Despite outbreaks, there’s bright side

Most county residents knew that, at some point, we would have outbreaks of COVID-19.

In the past two weeks, we have seen outbreaks at Fieldbrook Foods and the State University at Fredonia.

Here’s the good news — hospitalizations remain ­low even as focused testing in the north county reveals a flood of COVID-19 infections. Our health care system is handling the increased cases just fine, and that was the justification for all of the closures and limitations we’ve all dealt with since March.

We always knew, as things opened back up, that there would be positive cases. It’s important to know how many of them there are so that we can gauge the health care system’s response. So far, so good.

It’s also important to realize that we can do it better.

According to the South China Morning Post, an outbreak was discovered June 11, traced to chopping boards used for imported salmon at a Beijing outdoor market. The market was shut down for disinfection two days after the outbreak was discovered with testing of all those who visited the market after May 30. In the end, 335 cases were diagnosed and 33 asymptomatic carriers identified. All were isolated and treated in a Beijing hospital. The best news is that, after July 5, no further cases were detected.

There is a lesson to learn from the June Beijing outbreak — quick surveillance, investigation and rapid response can quickly contain an outbreak. For areas like ours, which are rural and not as densely populated, it makes sense that quick actions by our area’s leaders, public cooperation and consistent directions given from health care providers to patients should keep COVID-19 from breaking out too severely as we reopen schools and, hopefully, reopen businesses.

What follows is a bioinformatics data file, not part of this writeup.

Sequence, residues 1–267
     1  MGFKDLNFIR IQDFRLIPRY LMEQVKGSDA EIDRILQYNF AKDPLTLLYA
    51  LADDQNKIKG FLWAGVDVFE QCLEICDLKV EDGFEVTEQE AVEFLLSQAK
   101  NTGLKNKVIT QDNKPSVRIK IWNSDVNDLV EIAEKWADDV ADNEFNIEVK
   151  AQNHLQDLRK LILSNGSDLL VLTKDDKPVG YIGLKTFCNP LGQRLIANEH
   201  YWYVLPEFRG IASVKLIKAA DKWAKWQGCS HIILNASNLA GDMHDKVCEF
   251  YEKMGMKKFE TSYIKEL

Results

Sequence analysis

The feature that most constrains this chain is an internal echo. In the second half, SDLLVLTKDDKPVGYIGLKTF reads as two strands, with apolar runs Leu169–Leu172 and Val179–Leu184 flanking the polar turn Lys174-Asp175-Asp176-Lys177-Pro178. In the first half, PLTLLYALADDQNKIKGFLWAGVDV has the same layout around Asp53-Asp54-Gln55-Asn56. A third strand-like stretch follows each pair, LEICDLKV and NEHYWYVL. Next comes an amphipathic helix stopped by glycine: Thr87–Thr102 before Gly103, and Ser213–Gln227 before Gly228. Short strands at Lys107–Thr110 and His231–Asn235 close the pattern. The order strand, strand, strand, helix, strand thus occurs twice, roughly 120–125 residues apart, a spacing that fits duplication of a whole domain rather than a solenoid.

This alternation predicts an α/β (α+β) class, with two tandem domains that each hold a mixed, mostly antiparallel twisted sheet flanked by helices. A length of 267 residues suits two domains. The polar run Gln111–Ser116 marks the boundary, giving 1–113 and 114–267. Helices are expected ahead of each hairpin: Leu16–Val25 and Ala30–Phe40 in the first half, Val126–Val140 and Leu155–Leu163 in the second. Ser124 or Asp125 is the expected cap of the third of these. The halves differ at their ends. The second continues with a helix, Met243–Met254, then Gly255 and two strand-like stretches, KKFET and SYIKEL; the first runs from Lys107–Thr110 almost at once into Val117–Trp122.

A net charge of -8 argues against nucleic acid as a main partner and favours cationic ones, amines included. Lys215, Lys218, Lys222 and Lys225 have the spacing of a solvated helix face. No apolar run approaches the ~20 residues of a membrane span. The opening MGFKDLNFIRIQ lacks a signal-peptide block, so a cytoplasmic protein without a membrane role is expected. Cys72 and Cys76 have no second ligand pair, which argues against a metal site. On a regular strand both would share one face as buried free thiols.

But, again, that requires some buy-in from the community. It’s not uncommon to hear differing guidelines on quarantines depending on which testing site one visits. County health officials say the Fieldbrook Farms outbreak is likely resolving itself now, but the situation may have been more quickly contained if people were notified more quickly.

Quick, aggressive responses will be needed to keep outbreaks from festering and our region from being further shut down. Everyone involved in this process needs to be as nimble as possible — and people need to listen.


Today's breaking news and more in your inbox

I'm interested in (please check all that apply)

Starting at $4.75/week.

Subscribe Today